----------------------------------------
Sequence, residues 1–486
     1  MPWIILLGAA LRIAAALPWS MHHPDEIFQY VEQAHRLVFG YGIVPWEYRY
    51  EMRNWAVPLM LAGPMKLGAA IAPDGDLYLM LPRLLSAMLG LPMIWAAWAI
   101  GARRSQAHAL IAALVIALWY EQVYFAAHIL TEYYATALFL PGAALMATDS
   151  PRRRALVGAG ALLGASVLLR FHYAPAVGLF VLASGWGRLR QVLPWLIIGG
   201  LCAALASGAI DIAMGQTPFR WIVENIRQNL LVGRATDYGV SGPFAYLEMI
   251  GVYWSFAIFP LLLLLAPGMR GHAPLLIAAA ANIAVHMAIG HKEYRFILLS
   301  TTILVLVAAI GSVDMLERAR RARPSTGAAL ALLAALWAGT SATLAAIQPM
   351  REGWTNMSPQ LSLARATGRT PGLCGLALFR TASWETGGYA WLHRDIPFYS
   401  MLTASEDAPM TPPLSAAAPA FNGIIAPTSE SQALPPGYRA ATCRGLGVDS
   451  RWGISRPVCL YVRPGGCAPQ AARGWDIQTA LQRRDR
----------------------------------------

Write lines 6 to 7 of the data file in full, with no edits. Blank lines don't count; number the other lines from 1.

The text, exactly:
   201  LCAALASGAI DIAMGQTPFR WIVENIRQNL LVGRATDYGV SGPFAYLEMI
   251  GVYWSFAIFP LLLLLAPGMR GHAPLLIAAA ANIAVHMAIG HKEYRFILLS